A fresh approach to crime fiction

A little bird told me …

This is a favourite opening line for Tommy Logan, Editor of the Tollingdon Tribune, in No Accident. Always on the hunt for the exclusive that will bring him to the attention of the tabloid press, he likes to give the impression he’s so well connected he knows everything that’s worth knowing.

editorWhen I first created Kent Fisher, I knew he would need help if he was to solve murders. The obvious choice was a police officer, but that was too easy somehow. I hit on the idea of a local reporter, who would have plenty of contacts and an instinct to hunt down a story and tease out the truth. In the end, I chose Mike Turner, ex Scenes of Crime Officer, to be Kent’s friend and helper.

But Tommy Logan was too good to lose. When I changed his name to Thomas Hardy Logan, named by his mother after her favourite author, he came alive. His name made him somewhat pretentious, comparing himself to a literary giant. He writes with a fountain pen to support this notion, and spends all his time chasing that elusive exclusive that will make his name.

Ironically, his desire for tabloid stardom means his writing is anything but literary. His headlines in the Tollingdon Tribune mirror the tabloid press and his news relies not on facts, but speculation and a healthy injection of opinion.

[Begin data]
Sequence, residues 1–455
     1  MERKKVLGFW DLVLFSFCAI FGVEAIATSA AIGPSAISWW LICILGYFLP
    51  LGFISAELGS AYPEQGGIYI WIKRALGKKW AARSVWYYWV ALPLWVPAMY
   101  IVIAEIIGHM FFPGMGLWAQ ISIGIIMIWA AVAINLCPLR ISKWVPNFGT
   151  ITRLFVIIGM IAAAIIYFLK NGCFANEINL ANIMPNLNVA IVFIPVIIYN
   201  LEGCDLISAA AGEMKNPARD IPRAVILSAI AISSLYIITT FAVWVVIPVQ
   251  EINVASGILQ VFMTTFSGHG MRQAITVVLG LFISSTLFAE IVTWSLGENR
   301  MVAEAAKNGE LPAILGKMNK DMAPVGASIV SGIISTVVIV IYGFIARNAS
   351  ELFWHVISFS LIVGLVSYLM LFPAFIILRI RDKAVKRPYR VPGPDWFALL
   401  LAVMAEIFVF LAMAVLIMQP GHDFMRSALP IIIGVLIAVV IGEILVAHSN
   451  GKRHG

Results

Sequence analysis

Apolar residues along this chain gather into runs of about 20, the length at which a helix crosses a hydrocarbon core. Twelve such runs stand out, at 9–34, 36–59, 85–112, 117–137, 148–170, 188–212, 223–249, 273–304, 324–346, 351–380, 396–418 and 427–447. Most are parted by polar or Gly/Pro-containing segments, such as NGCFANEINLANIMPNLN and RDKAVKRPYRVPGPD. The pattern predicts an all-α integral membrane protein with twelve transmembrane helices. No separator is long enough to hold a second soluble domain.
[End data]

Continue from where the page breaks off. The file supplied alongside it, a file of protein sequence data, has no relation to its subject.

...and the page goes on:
This is hardly surprising as Tommy’s expectations far exceed his talents. As editor of a provincial newspaper, he’s constantly frustrated, but his optimism and belief that he will find the big story never desert him. This is why Kent makes time for Tommy, even if he’s an irritation. Their banter is often a great source of warmth and humour.

Though mentioned during the novel, Tommy doesn’t make an appearance until close to the end of No Accident, but I like to think it’s worth the wait.

Thomas Hardy Logan, looking more like a vagrant than an editor in a faded Tweed jacket and corduroy trousers, hopes to impress the daily newspapers with his local knowledge. He slides into the chair next to me and places a skinny latte on the table to replace the cold one I’m nursing.
“A little bird told me you were in the thick of it,” Tommy says, pulling a fountain pen from inside his jacket. He studies my bruised and swollen face for a moment and tuts. “You look like shit, Kent.”
“And you want a scoop.”
“I’m always willing to plumb the depths of misfortune, you know that. And yours promises to be deeper than most.”

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